Prior to his statements to KSL, in April 2013, Hatch publicly stated that he viewed same-sex marriage as “undermining the very foundation of matrimonial law”, but refused to support a federal marriage amendment and endorsed same-sex couples’ rights. to form a civil union, saying the law should “give homosexuals the same rights as married people”
Between January 2012 and February 2014, plaintiffs from Michigan, Ohio, Kentucky, and Tennessee filed cases in federal district courts that resulted in Obergefell v. Hodges.
After all of the district courts ruled for the plaintiffs, the decisions were appealed to the Sixth Circuit. In November 2014, following a series of appeals court rulings that year for the Fourth, Seventh, Ninth, and 10th Circuits that found state-level bans on same-sex marriage were unconstitutional, the Sixth circuit ruled that it was bound by Baker v. Nelson and concluded that these bans were constitutional. This created a split between the circuits and led to a Supreme Court review.
On June 26, 2015, Obergefell reversed Baker and demanded that all states issue marriage licenses to same-sex couples and recognize same-sex marriages validly solemnized in other jurisdictions.
Also in 2013, he was one of 10 Republican senators to vote in favor of the Non-Discrimination in Employment Act, a law that would have prohibited discrimination in hiring and employment on the basis of orientation and gender identity for people who identify as gay, lesbian, bisexual or transgender. On November 7, 2013, the bill passed the Senate with bipartisan support by a vote of 64–32. Obama supported passing the bill, but the House Rules Committee voted against it.
It appeared to political observers and others that over time the senator was becoming more progressive in his views regarding LGBTQ people.
In July 2017, after then-President Trump announced that he had ordered a ban on military service for transgender Americans, the senator said, “I don’t think we should discriminate against anyone. , transgender people are people and deserve the best we can do for them.”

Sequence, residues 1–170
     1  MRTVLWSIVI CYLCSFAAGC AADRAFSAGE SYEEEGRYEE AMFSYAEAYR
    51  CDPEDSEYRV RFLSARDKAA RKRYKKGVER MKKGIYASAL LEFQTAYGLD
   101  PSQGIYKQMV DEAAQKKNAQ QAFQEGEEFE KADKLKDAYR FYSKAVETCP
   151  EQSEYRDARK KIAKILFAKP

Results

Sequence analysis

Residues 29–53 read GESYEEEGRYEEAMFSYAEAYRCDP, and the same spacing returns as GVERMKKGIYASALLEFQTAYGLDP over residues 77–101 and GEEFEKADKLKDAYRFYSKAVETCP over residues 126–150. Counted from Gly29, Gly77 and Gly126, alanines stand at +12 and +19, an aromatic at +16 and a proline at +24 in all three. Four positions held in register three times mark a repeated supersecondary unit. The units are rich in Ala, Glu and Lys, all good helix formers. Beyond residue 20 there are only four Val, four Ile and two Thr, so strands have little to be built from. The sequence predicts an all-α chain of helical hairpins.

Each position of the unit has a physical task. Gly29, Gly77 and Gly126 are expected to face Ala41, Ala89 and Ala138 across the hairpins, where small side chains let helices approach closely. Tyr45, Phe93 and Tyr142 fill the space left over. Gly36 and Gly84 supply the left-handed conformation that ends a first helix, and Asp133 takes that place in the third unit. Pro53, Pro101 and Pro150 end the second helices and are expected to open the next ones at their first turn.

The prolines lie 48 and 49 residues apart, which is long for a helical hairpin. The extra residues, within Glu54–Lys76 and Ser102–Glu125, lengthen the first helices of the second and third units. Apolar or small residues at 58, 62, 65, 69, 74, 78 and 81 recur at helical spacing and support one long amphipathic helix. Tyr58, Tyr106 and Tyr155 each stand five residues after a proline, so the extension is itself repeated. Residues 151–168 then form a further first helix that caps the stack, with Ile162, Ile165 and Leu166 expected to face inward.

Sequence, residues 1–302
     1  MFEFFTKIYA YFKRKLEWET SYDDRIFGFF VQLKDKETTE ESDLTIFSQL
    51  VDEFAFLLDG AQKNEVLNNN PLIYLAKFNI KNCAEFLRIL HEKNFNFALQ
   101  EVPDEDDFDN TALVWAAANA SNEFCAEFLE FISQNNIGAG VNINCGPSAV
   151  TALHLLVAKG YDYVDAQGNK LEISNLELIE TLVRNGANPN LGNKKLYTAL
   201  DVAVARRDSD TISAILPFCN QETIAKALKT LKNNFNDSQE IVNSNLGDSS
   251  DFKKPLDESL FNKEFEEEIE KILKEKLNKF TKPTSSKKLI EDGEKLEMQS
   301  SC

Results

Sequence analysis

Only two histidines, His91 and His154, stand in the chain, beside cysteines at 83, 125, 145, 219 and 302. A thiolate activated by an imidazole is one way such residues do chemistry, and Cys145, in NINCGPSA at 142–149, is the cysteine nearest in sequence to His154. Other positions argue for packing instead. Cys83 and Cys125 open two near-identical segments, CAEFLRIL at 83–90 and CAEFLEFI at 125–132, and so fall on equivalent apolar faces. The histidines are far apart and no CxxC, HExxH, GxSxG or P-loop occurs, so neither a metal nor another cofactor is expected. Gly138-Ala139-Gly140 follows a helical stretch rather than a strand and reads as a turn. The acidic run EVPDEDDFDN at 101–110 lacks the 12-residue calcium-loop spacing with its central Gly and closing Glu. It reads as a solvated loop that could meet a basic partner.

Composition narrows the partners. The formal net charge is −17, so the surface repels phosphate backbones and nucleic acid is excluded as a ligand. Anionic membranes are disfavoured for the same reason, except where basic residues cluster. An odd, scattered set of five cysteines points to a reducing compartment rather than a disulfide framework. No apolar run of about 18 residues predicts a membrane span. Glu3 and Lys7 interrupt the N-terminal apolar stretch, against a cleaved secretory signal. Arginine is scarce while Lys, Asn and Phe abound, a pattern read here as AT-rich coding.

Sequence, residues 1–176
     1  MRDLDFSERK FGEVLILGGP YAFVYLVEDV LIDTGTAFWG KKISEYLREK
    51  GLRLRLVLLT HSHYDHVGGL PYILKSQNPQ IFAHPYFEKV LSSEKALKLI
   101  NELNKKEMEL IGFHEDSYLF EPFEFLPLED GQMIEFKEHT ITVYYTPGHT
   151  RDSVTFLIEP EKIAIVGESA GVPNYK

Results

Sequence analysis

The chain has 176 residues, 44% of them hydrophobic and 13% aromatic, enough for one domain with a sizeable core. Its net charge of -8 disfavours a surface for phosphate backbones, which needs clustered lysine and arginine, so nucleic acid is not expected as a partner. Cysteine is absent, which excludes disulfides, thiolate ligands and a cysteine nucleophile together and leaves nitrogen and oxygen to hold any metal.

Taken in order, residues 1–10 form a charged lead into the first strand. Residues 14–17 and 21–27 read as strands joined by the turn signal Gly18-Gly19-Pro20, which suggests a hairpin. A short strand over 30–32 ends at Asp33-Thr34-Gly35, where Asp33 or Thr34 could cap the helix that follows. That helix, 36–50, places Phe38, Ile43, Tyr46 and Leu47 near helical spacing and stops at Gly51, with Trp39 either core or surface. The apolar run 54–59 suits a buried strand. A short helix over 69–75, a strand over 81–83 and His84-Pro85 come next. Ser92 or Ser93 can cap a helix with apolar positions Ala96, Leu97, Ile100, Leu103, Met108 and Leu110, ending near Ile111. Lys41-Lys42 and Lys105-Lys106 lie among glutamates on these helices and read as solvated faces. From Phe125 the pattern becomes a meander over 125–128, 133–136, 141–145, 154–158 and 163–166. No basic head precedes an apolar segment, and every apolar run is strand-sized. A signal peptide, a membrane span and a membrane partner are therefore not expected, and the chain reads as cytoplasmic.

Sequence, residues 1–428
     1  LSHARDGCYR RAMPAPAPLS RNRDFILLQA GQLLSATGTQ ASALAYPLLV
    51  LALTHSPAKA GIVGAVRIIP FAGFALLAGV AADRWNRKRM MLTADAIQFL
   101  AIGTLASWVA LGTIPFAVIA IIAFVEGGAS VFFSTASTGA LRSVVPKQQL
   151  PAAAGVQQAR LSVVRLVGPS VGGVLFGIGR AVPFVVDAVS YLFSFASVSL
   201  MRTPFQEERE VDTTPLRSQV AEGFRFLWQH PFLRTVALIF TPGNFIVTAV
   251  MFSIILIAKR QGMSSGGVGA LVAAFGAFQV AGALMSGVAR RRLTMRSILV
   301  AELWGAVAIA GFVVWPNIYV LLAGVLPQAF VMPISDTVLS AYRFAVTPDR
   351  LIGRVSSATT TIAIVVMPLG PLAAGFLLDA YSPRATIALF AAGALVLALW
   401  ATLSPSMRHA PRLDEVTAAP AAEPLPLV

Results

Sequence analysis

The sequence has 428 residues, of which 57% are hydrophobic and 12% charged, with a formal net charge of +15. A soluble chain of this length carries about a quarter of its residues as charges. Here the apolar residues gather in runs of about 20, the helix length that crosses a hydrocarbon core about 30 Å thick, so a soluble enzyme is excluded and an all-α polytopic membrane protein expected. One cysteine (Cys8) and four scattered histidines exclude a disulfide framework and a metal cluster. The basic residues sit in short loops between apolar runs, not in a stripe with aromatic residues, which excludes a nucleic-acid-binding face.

In June 2018, the year he retired from the Senate, Hatch gave a speech in the Senate expressing his support for the LGBTQ community and drawing attention to the high suicide rates among LGBTQ youth.
“No one should ever feel less because of their gender identity or sexual orientation,” Hatch said. “LGBT youth deserve our unwavering love and support. They deserve our validation and the assurance that not only is there a place for them in this society, but that it is much better off because of them. These young people need us, and we desperately need them.
Statement by President Joe Biden on the Passing of Former Senator Orrin Hatch
Jill, I and the entire Biden family are saddened to learn of the passing of Orrin Hatch, the longest-serving senator in Utah history and the longest-serving Republican senator in our country’s history.
Orrin Hatch once shared in an interview that he had a soft side and he had a tough side. To serve with Orrin, as I have for over three decades, was to see and appreciate both.
He was the fighter who carried with him the memory of his humble upbringing near Pittsburgh, who never pleased a tyrant, nor shied away from a challenge. The young man who, after graduating from Brigham Young University, was the first in his family to earn a college degree; the young lawyer who built a successful law firm; and the senator who sprinted from meeting to meeting because there was so much to do – indeed, when Senator Hatch retired he had sponsored or co-sponsored more legislation than any senator at the time .
I’ve seen this forceful, sharp Orrin in the many battles we’ve had over tax policy, the right of workers to unionize, and many more.
At the same time, Senator Hatch was also a man of deep faith; a gentle soul who wrote songs and poems and shared them with friends, colleagues and the world. It was the Orrin who cared for people who often had no voice in our laws and our country. I saw it in his efforts to pass the Americans with Disabilities Act and the Children’s Health Insurance Program.
When I first launched the Cancer Moonshot as vice president, one of the first visits I made was to the Huntsman Cancer Institute in Salt Lake City, at the request of Orrin. We both saw accelerating the pace of cancer research as a matter that transcended political divides.
When I threw my 10,000and vote in the Senate, Orrin came to the Senate and we had a chance to talk. I said that the greatest advantage of being a senator is having access to people who have a serious mind, a serious sense of purpose and who care about something. It was Orrin.
He was, quite simply, an American original.
Jill and I send our deepest condolences to Elaine and all of Hatch’s children, grandchildren and great-grandchildren.